This polyglot Muslim woman now heads Sanskrit dept

This polyglot Muslim woman now heads Sanskrit dept

For many it may come as a big surprise. The name of the head, department of Sanskrit at Allahabad University, has been displayed outside the office in Hindi, English and also in Urdu language.

There is another surprise--an even bigger one. The current head happens to be a Muslim woman.

Once regarded as the Oxford of the East, a history of sort was created at Allahabad University when Kishwar Jabin Nasreen took over as the head of the Sanskirt department.

For Nasreen, a language has nothing do with one’s religion. “For me every language is a source of knowledge,” Nasreen, who has been studying Sanskrit from sixth standard, said.

“I opted for Sanskrit when I was in sixth standard…I liked the language very much,” she told Deccan Herald.

Nasreen, throughout her academic career, excelled in the language. A recipient of Junior Research Fellowship in the language, she joined the varsity after completing her PhD a little later.

“I was the only Muslim in the masters programme in Sanskrit…but that never rattled me,” she said. 

“To many it seemed somewhat odd…may be they never expected a Muslim girl in the Sanskrit class,” she remarked.

Nasreen, who is also proficient in Russian and German languages, says that she never encountered any problem from within her own family for pursuing a career in Sanskrit. “We see it as a matter of pride….for us it’s a knowledge,” she says. She also knows Persian.

“We Indians have been following the principle of Vasudhaiv Kutumbakam (the world is our home)…..we respect every language,”  Nasreen, who has written a number of books on the subject, said.

Family support

Nasreen rues that Sanskrit, despite being a rich language, has not reached the common people. “It is very difficult….a common man will find it extremely difficult to learn,” she said. “But it has been found to be better suited for computer,” she added.

Nasreen stressed the need for changing Sanskrit syllabus at schools and colleges. “The syllabi needs to be revised….it should be made interesting also….we should not, under any circumstances, let  this ancient language slip into oblivion,” she remarked.

The Sanskrit scholar never had to face any problem from her students as well. “Being a Muslim and a Sanskrit teacher may have appeared to be a bit odd for the students but I never faced any problem,” she said. 

There were currently around 200 students in various courses in Sanskrit at the varsity. “There also is a need of good teachers….the teachers can make the language interesting by their knowledge and teaching style,” she said.

And that is precisely what she has been trying to do at the varsity and she is very popular with her students as well. “It has always been my endeavour to popularise the language among the students,” she said. For Nasreen, character building was one of the most important aims of education. “We will be successful as educators if we are able to make sure that the students attain good moral characters,” she said.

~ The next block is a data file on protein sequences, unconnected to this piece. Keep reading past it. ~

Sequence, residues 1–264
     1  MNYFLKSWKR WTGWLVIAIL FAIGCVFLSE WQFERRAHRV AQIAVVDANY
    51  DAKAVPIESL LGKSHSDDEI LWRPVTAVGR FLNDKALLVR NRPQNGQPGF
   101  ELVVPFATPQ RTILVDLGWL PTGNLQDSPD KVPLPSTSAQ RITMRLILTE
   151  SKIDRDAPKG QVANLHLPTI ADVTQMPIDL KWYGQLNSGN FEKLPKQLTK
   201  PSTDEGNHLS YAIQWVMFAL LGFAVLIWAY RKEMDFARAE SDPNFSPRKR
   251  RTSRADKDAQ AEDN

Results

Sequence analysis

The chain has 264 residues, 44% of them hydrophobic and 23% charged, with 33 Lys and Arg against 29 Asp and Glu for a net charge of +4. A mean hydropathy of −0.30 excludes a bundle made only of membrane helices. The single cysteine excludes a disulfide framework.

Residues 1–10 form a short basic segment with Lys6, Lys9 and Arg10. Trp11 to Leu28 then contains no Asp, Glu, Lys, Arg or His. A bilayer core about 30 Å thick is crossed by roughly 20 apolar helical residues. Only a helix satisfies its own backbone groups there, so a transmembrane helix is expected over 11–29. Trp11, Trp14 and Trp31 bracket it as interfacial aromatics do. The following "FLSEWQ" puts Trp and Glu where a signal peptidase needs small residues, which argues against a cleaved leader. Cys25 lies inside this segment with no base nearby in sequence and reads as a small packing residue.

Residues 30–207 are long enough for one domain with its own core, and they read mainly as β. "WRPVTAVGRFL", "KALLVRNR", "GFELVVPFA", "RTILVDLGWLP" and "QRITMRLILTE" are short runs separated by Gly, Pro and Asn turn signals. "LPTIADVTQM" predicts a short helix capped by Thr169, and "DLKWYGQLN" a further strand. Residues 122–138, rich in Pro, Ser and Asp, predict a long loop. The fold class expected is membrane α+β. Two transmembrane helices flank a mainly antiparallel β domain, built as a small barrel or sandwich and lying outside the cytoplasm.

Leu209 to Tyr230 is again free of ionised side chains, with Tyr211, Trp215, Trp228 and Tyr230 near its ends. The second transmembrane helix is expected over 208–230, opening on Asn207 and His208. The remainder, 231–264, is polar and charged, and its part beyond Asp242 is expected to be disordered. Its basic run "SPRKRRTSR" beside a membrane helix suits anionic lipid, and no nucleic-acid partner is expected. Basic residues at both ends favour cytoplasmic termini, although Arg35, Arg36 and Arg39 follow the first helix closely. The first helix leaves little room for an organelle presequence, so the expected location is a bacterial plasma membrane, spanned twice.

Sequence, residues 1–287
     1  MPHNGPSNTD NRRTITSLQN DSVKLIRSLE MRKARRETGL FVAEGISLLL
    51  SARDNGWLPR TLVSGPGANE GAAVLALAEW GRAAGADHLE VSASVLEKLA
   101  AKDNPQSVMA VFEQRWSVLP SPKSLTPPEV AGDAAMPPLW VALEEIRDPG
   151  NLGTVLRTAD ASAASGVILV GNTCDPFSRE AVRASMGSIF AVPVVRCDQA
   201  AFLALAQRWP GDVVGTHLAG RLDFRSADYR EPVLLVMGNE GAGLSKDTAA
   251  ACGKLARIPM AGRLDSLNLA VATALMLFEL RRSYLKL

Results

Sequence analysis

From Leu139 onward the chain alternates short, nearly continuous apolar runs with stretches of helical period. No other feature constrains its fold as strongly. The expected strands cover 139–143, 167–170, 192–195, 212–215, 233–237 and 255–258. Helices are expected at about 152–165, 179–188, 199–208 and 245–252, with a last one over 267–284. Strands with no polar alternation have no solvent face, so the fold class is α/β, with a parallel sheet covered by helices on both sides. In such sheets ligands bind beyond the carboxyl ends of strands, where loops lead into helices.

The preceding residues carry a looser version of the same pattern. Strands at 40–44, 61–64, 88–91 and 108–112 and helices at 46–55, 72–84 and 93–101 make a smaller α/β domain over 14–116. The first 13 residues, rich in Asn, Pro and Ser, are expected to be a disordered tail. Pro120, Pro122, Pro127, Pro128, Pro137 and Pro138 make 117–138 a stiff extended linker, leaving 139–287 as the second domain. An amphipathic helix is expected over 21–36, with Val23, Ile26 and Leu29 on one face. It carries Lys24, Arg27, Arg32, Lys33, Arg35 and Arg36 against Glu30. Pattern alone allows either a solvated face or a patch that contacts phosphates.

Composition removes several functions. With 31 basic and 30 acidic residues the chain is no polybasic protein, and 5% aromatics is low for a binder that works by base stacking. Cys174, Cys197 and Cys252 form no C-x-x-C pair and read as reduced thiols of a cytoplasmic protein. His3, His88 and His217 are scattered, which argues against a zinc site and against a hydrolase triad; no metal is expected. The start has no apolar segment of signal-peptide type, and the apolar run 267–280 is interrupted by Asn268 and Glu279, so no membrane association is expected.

Nasreen’s family always encouraged her. “My parents never looked at a language from the point of view of religion…and truly speaking language must never be clubbed with the religion,” she said.

Her husband is a computer engineer and is currently in the USA. Her son, however, is pursuing a different career. “He wants to be an IAS officer,” she said.

She also never faced any problem from within the Muslim community. “The community members may have found it strange but they never discouraged me or felt uncomfortable with my education,” she remarked.

Not many keen

She conceded that not many students today wanted to study the language. “There are practically no employment opportunities in this field….we must do something about it,” she said.

She, however, is happy that a large number of Muslims are learning this language at different educational institutions in the country. “It is a good sign. It shows that religion is not a barrier in learning any language,” she said.

Nasreen has received several prestigious awards, including Sahitya Shree, Mahadevi Kiran Samman, Prayag Gaurav, Rashtriya Gaurav and Father Kanil Bulke Award for her achievement in the field of Sanskrit.

A few days back she was bestowed with the prestigious Janeshwar Mishra Sanskrit Vidushi Samman by Uttar Pradesh Chief Minister Akhilesh Yadav at a function here in recognition of the services rendered by her in developing the language.

Nasreen’s predecessors and the other faculty members are all praise for her. “We have never seen her as a Muslim…we always found her to be an able teacher,” said a former faculty member.

Nasreen is the first Muslim to have become the head of the Sanskrit department in the 126 years of Allahabad University’s history. Apparently, Nasreen is among the illustrious alumni of Allahabad University who enriched a language other than the one taught by them.

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